Eric enveloped the bedroom in the apartment on all sides in a soothing shade of powdery blue to help the client decompress. “The ceilings are on the lower side, so I didn’t want to call attention to that by painting them white,” he explains, adding that the ceiling paint is slightly lighter than the rest of the room to avoid a cave-like effect. The bed is from CB2, the side table is by Guy Bareff, the armchair is Leleu-Deshaye from the ’60s, and the fixture overhead is by Guillerme et Chambron. A portrait of the client, lensed by Eric, hangs opposite the bed.

The second tenant is a well-traveled marketing specialist, so the conversation for this space evolved around the idea of emulating a high-end hospitality environment. “Comfort was a primary focus for this project,” Eric explains, a balance that he struck through furniture and materiality (like the luxe fabrics ensconcing the most restorative pieces in the place, from the sofa recovered in wool to the bed furnished with oversized alpaca pillows).

The custom brushed aluminum table with a built-in bar for storing liquor is a nod to Donald Judd, one of Eric’s design influences. The ceramic stool on the left is by Hun-Chung Lee, the vintage chair on the right is by Albert Jacob for Grosfillex upholstered in alpaca fabric, and the sofa is by Marked NY recovered in Holland & Sherry wool. On the wall hangs a triptych of Roy Lichtenstein pieces, and the tables display a few vintage ashtrays.
“This custom wall hung cabinet is massive and runs the length of that wall. Behind that first door is a 60-inch TV, which was a fun way for us to hide it,” Eric says, noting that the other half is used for storage. “There’s a lot of creative thinking that went into it. ‘How can we incorporate a TV, but not make the whole room about it?’” The space-age floor lamp is vintage and the leather chair is by Dieter Rams for Vitsoe, with a custom rug underfoot.

Like the first apartment, the space was nearly brought down to the studs and then refreshed with new paint on the walls and fresh flooring underfoot. The tiny kitchen is the jewel of the home, with gleaming brushed steel cabinets and matching wall paneling from Reform playing off the dark stone slabs on the floors and countertops. Eric says it’s his favorite room in the house because of how it subverts sizing: “The conversation we had was, ‘How do we make this space feel special, despite its scale?’”

In the dining area, a custom lacquer dining table sits under a hanging light from Obsolete, based in Los Angeles. “The dining chairs are by this French designer, Etienne Fermigier, who I’m obsessed with,” Eric says. “We came across these chairs from a French design dealer and immediately jumped on them because he designed a lot of lighting that I love.” The large-scale portrait was lensed by Eric and given to the client as a gift, while the art on the right is by Federico Maddalozzo.

On the walls, sensual imagery (like the Pacifico Silano print of two wrestlers hanging over the bed) and Roy Lichtenstein Pop art lighten up the mood. “There’s obviously a sexiness and a sense of suggestion in that piece of art above the bed, and it’s always fun to be able to do that in a space that feels a bit serious.”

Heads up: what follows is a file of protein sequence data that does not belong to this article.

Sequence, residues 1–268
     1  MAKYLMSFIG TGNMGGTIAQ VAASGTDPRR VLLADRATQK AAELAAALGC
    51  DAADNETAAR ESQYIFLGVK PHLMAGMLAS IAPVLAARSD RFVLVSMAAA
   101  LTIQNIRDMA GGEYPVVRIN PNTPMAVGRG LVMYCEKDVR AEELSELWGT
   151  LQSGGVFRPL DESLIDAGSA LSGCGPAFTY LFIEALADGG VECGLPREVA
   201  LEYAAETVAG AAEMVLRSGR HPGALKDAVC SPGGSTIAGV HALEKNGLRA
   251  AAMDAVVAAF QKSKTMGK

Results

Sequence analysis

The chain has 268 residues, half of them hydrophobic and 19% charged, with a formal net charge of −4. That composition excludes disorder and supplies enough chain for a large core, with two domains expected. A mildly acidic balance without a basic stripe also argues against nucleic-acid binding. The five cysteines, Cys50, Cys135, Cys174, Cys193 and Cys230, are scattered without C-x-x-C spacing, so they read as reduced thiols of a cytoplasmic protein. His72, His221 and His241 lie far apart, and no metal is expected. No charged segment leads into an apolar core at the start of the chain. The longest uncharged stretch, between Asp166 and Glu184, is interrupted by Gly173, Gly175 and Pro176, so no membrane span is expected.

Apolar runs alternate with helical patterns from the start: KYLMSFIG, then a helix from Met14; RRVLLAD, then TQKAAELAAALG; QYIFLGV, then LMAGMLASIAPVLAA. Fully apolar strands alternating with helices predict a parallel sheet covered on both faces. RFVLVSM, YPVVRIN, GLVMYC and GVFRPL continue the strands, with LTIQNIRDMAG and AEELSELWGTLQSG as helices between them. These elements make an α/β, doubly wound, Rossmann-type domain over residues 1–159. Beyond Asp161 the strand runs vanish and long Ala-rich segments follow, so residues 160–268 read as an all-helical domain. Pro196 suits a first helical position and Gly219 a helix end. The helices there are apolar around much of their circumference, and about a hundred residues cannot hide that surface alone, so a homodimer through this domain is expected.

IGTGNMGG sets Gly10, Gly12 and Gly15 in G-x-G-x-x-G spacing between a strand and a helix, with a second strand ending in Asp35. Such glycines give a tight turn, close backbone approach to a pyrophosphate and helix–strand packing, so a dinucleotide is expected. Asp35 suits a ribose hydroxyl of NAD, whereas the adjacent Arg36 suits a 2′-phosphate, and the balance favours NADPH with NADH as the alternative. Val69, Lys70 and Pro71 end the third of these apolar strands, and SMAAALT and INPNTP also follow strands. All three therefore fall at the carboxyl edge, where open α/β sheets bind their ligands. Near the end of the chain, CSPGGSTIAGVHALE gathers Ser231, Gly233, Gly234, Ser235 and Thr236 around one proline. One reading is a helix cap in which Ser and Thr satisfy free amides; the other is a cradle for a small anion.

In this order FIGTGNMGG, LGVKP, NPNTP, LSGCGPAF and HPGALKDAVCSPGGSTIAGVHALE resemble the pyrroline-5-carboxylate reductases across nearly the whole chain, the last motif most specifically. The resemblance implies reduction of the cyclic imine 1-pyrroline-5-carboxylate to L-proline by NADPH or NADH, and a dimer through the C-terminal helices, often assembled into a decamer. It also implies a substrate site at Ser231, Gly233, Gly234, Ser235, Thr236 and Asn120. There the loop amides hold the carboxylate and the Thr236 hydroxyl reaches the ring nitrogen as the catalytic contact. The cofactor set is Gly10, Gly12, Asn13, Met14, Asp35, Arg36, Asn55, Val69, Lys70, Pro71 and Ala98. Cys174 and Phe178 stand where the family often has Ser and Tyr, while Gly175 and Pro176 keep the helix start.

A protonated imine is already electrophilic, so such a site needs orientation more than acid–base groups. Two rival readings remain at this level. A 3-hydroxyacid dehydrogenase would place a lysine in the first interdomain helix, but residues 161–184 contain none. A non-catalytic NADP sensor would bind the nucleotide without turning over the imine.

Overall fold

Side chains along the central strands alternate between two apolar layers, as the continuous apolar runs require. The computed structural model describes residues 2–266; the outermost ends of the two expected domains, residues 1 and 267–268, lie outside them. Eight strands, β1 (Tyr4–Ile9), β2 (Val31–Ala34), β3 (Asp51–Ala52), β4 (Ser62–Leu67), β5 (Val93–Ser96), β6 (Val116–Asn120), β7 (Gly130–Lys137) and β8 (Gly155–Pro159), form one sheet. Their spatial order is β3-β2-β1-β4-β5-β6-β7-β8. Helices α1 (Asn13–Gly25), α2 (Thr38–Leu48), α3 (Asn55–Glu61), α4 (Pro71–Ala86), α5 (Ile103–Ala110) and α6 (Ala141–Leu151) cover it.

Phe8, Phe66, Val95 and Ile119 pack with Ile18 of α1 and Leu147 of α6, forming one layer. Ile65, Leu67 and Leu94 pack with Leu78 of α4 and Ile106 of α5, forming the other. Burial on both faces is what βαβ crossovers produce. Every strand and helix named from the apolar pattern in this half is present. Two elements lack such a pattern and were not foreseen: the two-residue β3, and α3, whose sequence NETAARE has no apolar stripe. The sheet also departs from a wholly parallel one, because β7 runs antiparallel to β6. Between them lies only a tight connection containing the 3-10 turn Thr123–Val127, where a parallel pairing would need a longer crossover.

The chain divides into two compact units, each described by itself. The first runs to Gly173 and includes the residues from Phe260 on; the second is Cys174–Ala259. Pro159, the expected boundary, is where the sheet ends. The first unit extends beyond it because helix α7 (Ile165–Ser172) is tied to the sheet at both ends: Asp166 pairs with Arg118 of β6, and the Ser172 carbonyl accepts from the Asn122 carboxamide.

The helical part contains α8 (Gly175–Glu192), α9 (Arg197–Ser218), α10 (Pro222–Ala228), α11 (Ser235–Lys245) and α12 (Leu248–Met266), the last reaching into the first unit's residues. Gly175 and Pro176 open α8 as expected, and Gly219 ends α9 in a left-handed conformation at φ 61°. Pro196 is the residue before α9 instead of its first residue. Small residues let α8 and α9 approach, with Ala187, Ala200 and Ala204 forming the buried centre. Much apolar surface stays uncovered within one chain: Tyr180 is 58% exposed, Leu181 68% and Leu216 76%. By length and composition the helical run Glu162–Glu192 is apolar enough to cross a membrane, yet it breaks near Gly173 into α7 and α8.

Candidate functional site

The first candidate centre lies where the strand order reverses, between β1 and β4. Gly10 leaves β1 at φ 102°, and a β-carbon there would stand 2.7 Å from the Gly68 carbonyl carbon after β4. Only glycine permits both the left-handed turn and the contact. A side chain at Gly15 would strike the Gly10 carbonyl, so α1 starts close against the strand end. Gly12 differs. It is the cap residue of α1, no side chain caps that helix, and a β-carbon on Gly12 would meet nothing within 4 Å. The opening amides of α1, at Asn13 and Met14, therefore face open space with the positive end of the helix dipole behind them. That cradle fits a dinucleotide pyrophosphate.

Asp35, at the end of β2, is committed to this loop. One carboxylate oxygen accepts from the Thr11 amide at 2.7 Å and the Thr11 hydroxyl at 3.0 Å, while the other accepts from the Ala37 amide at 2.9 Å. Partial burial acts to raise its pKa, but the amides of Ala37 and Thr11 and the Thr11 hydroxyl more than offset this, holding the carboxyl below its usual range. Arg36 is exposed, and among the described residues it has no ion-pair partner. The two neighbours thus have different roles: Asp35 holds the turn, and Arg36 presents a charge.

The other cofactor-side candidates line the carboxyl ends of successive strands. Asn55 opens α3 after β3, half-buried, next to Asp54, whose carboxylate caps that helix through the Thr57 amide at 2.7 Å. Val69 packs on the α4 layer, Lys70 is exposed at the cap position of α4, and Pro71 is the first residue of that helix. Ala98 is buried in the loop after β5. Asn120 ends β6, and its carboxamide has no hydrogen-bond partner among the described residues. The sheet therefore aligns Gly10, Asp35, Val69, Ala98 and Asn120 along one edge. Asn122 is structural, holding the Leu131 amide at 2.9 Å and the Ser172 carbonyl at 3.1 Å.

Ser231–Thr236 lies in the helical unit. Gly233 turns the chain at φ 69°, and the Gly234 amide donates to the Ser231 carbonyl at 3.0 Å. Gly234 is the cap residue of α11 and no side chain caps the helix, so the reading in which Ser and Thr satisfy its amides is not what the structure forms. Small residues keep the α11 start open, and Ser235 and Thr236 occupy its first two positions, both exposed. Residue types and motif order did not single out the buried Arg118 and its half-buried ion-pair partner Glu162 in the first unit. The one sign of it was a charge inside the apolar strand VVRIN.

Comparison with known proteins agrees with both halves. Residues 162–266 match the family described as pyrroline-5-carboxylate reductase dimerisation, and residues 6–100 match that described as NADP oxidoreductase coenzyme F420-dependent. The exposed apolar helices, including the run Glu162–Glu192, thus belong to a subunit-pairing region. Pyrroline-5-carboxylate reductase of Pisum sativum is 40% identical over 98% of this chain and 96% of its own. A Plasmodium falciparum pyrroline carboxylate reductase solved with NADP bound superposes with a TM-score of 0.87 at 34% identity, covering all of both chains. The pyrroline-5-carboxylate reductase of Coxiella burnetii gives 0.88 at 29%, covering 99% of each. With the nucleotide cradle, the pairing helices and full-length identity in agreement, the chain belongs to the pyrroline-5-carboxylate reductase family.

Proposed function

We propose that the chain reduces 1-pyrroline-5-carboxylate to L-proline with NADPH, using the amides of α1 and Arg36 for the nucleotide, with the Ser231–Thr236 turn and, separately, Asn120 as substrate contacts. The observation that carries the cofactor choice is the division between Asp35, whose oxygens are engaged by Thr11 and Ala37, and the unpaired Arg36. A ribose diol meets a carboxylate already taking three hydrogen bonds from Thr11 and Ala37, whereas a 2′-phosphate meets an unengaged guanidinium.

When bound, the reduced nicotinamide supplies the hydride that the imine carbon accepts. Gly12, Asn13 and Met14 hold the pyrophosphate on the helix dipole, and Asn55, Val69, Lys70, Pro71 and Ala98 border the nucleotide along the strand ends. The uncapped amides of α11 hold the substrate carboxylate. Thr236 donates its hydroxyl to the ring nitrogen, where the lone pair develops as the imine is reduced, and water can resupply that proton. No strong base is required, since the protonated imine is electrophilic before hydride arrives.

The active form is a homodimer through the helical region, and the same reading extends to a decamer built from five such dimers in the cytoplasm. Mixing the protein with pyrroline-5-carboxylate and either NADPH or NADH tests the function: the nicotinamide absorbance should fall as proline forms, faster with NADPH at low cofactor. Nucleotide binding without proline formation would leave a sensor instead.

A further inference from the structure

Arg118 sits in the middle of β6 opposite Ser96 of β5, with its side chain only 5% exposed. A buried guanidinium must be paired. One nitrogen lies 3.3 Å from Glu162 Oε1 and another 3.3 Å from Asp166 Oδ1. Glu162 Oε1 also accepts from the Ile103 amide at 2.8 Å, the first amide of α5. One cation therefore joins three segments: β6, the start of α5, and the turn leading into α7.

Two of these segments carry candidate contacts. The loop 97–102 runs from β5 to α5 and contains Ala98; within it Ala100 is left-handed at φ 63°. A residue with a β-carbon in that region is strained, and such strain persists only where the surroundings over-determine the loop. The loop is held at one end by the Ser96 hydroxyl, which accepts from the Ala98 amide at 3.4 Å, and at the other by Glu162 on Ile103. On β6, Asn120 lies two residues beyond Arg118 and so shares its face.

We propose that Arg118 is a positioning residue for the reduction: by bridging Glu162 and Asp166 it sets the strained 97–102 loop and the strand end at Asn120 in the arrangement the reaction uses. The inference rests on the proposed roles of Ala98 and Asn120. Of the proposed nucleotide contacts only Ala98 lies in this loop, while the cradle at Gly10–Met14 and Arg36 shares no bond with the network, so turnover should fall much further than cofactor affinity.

The tiny kitchen is Eric’s favorite room in this project, which he turned into a “little jewel box” by implementing brushed stainless steel paneling on the walls to match the Reform Kitchen cabinets and using the same Bas Stone slabs on the floor, countertops, and backsplash. The mirror is Hans Welling for Ceramano from the ’60s and the flush mounts are by Urban Electric.

There’s also some animated dialogue happening between the furnishings, with soft textures juxtaposing more severe elements like the custom aluminum coffee table or the leather Dieter Rams for Vitsoe chair facing it. “There’s a lot of industrial design happening throughout the project, and we really wanted to make sure we cut that with some moments of elegance and a bit of refinement,” Eric explains.

The serene bedroom is full of texture thanks to the custom wool bed and the large alpaca pillows on top. “The pillows are actually super oversized so that they could be thrown on top and the client didn’t need to fuss with making the bed so perfect,” Eric says. The side tables were custom-made, the vintage wall fixtures are Stilnovo from the ’50s, and the art above the bed is by Pacifico Silano.
The earthy Zia Zellige tiles on all sides make the bathroom feel extra special. It includes a Josh Greene Design mirror, ’60s J.T. Kalmar lights, and a custom vanity made from the same Bas Stone materials used the kitchen. “I always think it’s fun to pull vintage lighting into the bathroom as long as you have it wired correctly,” Eric says. “Oftentimes people default to using contemporary lighting in bathrooms just because it’s less of a headache than getting things waterproofed, but why not give the space the same personality as any other room?”

Originally Appeared on Architectural Digest